Palace Façade

Late 1200s



Artist not known, Swat Valley, Pakistan


  • Pakistan

Object Info

This object may or may not be on view currently.

Artist not known, Swat Valley, Pakistan Late 1200s

12 ft. X 20 ft.

Bj Averitt Islamic Art Fund, 1993.1

Photograph © Denver Art Museum 2008. All Rights Reserved.


  • wood


About the Artist

This architectural façade comes from the palace of Sayyed Akbar Shah, the first and only ruler of the Kingdom of Swat. The king’s palace was located in a town called Saidu, one of the main towns in the Swat River valley of present-day Pakistan. Although we do not know the names of the artists who made this door, or even how many artists there were, we can make a few guesses about them. We know that they were very skilled woodworkers, and that they were probably Muslim. We also know that they worked for a very powerful individual, the king, who most likely made some of the design decisions himself. Because of the size of the façade, and the amount of detailed carving covering the surface, there were probably a number of people who contributed to the process of creating it.

What Inspired It

The façade formed one-third of a formal entrance to the king’s palace. Because this entryway faced the street and would be seen by many people, the king would have wanted an elaborate design that would reflect his status and power. The woodworkers filled every available space with different shapes and patterns, leaving no area of the surface untouched. They probably followed the Muslim belief that no human or animal forms should be used. Instead, they used geometric and organic, or natural, forms. The amount of time that would have been required for such detailed carving illustrates the incredible skill of the artists who worked on this façade.

Originally, the palace façade had three sections with a central portal large enough for mounted elephants to enter (not that any did). The section now in the Denver Art Museum stood to the left of the main entryway; it was mirrored on the right by a nearly identical doorway. The elaborate palace entrance opened onto an inner courtyard, where separate wings housed the men’s and women’s quarters.

Variations in Surface Decoration
Variations in Surface Decoration

Notice the variations in the treatment of the eight lobed shapes in the squares on the two side doors. The shapes at the top of each door have the most surface decoration, and those on the lower section have the least.

Depth of Carving
Depth of Carving

Some areas of carving are more molded than others. In the detail to the left, the eight-lobed shape is relatively flat, while the flowers that fill the corners are carved with more depth and shape.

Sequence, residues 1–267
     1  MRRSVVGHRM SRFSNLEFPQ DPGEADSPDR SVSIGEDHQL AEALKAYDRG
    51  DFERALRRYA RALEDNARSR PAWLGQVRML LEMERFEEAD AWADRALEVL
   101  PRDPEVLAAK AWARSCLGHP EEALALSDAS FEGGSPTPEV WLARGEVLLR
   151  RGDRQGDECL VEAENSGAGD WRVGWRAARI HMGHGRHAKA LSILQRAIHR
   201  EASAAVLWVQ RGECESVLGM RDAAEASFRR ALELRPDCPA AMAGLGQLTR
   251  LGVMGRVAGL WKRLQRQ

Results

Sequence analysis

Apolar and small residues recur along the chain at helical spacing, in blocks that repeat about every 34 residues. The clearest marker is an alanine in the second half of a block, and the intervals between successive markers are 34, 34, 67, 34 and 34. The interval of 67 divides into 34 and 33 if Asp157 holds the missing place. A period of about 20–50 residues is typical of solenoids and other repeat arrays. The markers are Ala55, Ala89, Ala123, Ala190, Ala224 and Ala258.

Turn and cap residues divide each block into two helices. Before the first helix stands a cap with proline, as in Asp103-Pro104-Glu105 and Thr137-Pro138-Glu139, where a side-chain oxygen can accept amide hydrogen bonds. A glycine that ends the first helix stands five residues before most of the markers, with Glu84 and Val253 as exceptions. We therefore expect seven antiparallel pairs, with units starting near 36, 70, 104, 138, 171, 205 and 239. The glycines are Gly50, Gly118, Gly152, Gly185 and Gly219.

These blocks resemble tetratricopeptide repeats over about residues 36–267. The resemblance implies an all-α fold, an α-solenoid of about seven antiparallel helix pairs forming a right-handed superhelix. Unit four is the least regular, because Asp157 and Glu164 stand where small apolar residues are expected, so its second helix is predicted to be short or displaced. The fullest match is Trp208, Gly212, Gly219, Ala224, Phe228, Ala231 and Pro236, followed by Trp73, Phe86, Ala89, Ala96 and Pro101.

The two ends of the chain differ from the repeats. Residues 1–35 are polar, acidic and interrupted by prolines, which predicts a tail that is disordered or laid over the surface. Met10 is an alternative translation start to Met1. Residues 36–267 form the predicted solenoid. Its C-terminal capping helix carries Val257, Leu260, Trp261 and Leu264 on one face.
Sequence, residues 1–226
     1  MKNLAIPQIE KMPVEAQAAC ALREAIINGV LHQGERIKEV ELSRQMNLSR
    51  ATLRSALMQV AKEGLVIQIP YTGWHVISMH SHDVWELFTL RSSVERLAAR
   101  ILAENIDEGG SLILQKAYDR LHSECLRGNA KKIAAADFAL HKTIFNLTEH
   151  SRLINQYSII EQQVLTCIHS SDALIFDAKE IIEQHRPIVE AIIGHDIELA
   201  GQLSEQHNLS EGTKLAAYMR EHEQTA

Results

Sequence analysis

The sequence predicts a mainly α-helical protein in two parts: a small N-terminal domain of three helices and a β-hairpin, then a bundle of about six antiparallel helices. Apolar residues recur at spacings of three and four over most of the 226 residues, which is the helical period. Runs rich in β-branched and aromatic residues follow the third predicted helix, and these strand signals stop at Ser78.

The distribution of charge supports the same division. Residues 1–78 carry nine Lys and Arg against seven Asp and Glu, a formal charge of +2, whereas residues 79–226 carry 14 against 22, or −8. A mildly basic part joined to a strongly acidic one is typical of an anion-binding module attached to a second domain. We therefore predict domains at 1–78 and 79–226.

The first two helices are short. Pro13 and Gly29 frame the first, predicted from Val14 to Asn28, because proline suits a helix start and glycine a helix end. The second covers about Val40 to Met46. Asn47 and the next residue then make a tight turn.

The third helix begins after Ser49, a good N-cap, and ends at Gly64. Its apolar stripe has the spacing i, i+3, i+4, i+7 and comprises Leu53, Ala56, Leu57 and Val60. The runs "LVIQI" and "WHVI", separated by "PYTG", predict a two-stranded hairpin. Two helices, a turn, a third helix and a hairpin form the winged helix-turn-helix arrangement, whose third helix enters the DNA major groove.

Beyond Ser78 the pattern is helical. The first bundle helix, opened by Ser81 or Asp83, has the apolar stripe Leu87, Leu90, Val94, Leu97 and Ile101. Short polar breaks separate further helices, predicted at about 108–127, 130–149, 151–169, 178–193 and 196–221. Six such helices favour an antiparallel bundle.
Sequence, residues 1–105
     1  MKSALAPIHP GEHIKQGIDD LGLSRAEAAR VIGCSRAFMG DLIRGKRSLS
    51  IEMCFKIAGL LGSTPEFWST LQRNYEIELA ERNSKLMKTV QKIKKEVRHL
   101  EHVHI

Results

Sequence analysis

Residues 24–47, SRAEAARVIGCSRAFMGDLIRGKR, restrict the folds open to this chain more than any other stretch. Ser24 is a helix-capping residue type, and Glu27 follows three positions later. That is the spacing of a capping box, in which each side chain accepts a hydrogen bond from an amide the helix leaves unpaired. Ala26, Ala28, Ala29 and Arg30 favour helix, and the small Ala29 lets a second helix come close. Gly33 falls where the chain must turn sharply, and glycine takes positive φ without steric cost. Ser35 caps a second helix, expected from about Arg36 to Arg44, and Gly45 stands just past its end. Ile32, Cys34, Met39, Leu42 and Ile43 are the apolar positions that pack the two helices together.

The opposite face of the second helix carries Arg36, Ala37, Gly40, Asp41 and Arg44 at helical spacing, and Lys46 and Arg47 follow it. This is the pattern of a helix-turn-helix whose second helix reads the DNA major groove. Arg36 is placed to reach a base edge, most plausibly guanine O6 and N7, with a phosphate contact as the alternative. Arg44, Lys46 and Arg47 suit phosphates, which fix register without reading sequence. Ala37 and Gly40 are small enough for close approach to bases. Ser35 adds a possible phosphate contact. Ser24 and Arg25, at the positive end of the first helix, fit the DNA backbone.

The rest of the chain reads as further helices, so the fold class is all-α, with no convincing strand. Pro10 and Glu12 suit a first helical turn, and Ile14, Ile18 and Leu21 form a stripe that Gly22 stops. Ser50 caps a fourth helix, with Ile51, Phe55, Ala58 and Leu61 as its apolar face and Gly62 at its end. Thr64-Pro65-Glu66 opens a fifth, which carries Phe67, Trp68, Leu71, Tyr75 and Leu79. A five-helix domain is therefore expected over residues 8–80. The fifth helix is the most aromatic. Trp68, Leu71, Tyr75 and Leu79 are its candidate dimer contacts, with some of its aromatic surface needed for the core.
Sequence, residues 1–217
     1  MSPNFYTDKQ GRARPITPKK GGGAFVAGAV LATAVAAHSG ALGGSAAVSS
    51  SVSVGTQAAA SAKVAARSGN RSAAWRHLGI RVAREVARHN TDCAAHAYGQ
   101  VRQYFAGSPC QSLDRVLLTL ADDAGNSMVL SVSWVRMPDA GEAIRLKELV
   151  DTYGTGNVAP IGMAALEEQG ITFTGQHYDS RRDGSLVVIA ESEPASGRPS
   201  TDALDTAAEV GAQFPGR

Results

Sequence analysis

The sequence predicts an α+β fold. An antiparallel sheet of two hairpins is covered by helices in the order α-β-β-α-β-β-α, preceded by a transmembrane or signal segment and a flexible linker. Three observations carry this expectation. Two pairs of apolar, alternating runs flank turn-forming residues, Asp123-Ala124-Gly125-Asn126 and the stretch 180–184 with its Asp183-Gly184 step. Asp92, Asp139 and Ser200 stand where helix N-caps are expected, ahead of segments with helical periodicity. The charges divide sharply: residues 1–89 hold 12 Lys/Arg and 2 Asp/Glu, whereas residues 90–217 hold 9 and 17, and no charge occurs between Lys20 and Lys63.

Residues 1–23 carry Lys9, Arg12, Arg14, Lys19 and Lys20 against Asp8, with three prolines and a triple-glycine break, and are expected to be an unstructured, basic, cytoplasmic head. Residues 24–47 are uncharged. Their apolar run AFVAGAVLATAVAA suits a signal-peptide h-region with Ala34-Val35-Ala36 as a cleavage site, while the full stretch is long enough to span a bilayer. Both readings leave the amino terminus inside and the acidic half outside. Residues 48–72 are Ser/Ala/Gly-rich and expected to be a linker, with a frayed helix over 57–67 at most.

Original Color
Original Color

The whole door was originally painted. The color lasted mostly in the areas of lower-relief.

Lower Door Panels
Lower Door Panels

The lower panels on each of the side doors are probably the plainest part of the façade. However, even here a combination of rectangular and circular carved spaces creates a pattern of diamonds and squares—patterns inside of patterns.

Organic & Geometric Shapes
Organic & Geometric Shapes

Organic shapes are derived from natural forms and are usually composed of curved or irregular lines. Geometric forms are made up of shapes such as circles, squares, and triangles. The artists who carved this door used a combination of organic and geometric shapes.

Teaching Resources

Quick Classroom Ideas

  • Compare the object to other important doors, such as cathedrals, synagogues, mosques and museums. Have students research in groups and compare as a class.
  • Compare the Palace Façade to the Tlingit House Partition with Shakes Family Crest and the Yoruba Door Panel. Discuss what each object reveals about what its culture considers important.
  • Create a pattern for the door of the classroom. Have the students design a 1” X 1” pattern that can be repeated over and over. Look at different patterns on the Palace Façade for inspiration. Cut out a piece of butcher paper that will cover the door and have the students work to fill the paper with the pattern they have designed. Discuss the effort that is required to completely fill a space with an organized design.
  • Give each student a copy of the Palace Façade. Cut out the doors and paste the remaining façade onto a blank piece of paper. In the blank spaces, draw glimpses of what could be on the other side—a fountain, a table with pillows on the floor. Imagine what it would feel like walking through the doors and write a descriptive paragraph.
  • The Palace once had an entrance large enough for an elephant to enter. Have students choose their favorite animal (or your class pet) and design an elaborate doorway for their animal’s imaginary house.

Funding for object education resources provided by a grant from the Morgridge Family Foundation. Additional funding provided by the William Randolph Hearst Endowment for Education Programs, and Xcel Energy Foundation. We thank our colleagues at the University of Denver Morgridge College of Education.

The images on this page are intended for classroom use only and may not be reproduced for other reasons without the permission of the Denver Art Museum. This object may not currently be on display at the museum.